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Crimson Columbine (Aquilegia formosa)


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#1 Eb Mueller

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Posted 04 May 2012 - 02:33

The Crimson Columbine (Aquilegia formosa) appears in mid May in the wooded areas and by August in the alpine areas of coastal British Columbia. It is my favourite wild-flower and I anticipate it and photograph each year. In the field, under typical windy conditions, it is difficult to focus stack because the delicate blooms on slender stems are in constant motion. Sometimes, I try for a quick stack, hoping for at least three frames which I can combine for added dof and yet maintain creamy background. The first image is a stack of 4 frames which was intended to render the entire columbine plant into reasonable focus along with some of the surrounding Miner's Lettuce blooms (Montia perfoliata.) Please click on the images for a larger and nicely framed view!

1. Crimson Columbine on a Bed of Miner's Lettuce
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This variation on the base image is achieved with some art filters in photoshop. I attend a photography club where using plug-ins and art brushes is a common practice (usually to hide imperfection or create short lived but novelty impact, in my cynical opinion!) On occasion, I do "play" along in order to fulfill my quota in the "creative expression" category we are required to submit to! Your opinions are quite welcome!

2.
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4. Here I wish that I could have gotten a stack of the entire plant but was not successful. It is that background which I wanted to preserve.
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5. Crimson Columbine and Syrphid
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7. Multiple exposures in strong wind.
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8.
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Edited by Eb Mueller, 04 May 2012 - 02:34 .

Eb Mueller
British Columbia, Canada
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#2 Ann

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Posted 08 May 2012 - 04:00

Experimenting with the new bristled wet Mixer-brushes is quite a lot of fun but personally I don't have the artistic skills to get worthwhile results from them.

I think that the results are more valuable and individual when the artist has used brushes and brush-strokes instead of ready-made filters except when those were used as an underlying textural effect. Still it's always interesting to see what different tools can do and more power to you for taking the time to learn new techniques.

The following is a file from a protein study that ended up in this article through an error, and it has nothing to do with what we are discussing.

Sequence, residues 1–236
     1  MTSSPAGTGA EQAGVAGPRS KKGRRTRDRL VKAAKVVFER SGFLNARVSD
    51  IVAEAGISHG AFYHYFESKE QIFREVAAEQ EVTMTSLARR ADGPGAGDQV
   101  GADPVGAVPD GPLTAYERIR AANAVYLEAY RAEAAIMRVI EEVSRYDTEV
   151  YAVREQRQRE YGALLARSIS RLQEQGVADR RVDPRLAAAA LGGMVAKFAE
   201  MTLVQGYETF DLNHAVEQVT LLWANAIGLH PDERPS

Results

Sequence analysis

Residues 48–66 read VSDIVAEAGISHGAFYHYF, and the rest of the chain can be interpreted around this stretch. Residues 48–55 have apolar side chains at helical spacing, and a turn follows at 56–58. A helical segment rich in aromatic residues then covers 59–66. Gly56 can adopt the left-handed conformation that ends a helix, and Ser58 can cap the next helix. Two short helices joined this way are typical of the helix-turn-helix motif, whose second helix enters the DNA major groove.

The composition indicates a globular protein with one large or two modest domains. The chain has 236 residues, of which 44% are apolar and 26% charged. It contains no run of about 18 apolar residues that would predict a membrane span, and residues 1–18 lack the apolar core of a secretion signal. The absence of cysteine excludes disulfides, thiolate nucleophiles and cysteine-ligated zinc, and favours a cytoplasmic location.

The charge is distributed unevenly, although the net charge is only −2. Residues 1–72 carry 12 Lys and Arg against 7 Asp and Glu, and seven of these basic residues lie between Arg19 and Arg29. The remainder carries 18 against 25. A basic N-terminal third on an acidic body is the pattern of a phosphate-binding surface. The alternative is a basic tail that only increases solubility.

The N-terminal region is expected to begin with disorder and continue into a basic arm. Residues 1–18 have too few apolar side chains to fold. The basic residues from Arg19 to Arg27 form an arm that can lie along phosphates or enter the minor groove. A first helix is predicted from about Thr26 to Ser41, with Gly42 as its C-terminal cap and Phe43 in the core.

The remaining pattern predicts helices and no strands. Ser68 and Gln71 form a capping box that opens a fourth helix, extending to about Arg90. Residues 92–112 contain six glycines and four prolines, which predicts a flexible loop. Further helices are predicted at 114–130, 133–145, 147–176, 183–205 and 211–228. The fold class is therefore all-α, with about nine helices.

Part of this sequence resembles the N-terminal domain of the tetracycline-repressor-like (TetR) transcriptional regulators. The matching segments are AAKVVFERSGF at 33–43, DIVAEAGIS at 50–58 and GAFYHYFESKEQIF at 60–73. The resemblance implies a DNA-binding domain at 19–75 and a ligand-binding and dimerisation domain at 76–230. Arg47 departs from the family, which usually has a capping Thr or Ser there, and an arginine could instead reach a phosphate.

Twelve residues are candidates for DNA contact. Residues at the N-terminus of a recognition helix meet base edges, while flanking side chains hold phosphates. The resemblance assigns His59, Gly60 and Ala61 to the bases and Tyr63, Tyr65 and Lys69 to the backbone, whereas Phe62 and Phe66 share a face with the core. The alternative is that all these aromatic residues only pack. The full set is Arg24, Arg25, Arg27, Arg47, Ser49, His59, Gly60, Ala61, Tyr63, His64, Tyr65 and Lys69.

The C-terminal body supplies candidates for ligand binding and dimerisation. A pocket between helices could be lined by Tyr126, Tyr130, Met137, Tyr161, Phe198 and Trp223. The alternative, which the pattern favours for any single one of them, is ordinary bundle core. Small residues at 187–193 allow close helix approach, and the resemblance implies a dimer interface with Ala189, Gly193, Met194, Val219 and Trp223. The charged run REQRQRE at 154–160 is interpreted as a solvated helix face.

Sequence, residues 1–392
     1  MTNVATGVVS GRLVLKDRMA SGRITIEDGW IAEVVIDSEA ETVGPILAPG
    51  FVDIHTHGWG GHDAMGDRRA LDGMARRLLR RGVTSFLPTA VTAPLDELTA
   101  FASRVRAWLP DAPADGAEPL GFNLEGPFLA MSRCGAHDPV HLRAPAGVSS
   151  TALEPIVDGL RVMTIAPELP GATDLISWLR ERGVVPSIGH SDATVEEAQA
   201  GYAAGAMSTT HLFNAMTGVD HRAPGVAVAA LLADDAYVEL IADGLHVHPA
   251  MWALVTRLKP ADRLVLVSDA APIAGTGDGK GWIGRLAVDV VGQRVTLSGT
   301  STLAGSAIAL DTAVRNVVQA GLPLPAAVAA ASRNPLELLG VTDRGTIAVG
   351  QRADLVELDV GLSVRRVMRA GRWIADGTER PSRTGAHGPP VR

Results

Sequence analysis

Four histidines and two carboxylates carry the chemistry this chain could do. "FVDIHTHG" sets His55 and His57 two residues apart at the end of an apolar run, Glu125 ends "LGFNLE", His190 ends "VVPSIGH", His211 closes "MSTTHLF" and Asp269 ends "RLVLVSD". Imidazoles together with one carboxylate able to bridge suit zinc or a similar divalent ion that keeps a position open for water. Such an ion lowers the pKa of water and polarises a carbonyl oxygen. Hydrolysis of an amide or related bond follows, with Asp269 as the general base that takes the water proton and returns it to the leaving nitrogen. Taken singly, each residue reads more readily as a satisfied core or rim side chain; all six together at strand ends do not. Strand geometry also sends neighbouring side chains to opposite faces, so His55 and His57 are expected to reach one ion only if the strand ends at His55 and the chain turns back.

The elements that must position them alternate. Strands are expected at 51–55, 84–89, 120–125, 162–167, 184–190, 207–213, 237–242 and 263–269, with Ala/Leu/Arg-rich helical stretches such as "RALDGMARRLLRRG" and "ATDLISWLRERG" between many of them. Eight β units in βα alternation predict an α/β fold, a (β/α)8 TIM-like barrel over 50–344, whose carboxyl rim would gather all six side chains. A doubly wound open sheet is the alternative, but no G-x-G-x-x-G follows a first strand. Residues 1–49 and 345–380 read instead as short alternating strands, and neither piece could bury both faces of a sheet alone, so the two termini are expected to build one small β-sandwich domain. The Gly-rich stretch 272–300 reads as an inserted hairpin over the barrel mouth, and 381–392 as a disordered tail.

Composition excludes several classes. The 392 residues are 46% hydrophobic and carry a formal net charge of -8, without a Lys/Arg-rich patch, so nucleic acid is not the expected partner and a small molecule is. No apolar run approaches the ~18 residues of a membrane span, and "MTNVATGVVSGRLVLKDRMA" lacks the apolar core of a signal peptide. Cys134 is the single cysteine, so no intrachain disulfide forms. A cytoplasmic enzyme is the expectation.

#3 Eb Mueller

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Posted 08 May 2012 - 16:35

Thanks for your thoughtful comment, Ann! Painting with customized brush strokes is indeed a meticulous process - akin to wet painting directly on canvas, (but with a photographic template,) Although I like the impressive painterly results, I'm not a painter and can't be motivated to embark on such an involved project. The second option is to apply art filters globally and then use layer mask(s) to vary the opacity of the effect(s). As you suggest, this lays down an underlying textural effect. Image #5 is such an example where the underlying "water colour" texture's opacity is reduced on the flower head and entirely cut on the hover fly. I think it an interesting exploration but hesitate to embark whole-heartedly on such techniques because, in my judgment, I just do not find it to be my love, which is photography. (Obviously, I have a very narrow definition of what that is!) :)
Eb Mueller
British Columbia, Canada
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#4 Ann

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Posted 08 May 2012 - 19:59

I think it an interesting exploration but hesitate to embark whole-heartedly on such techniques because, in my judgment, I just do not find it to be my love, which is photography.


I am in full accord with you on that.

[Or perhaps that's simply my excuse because I don't have the skills to be able to paint!]

:paint: :)

Edited by Ann, 08 May 2012 - 20:09 .





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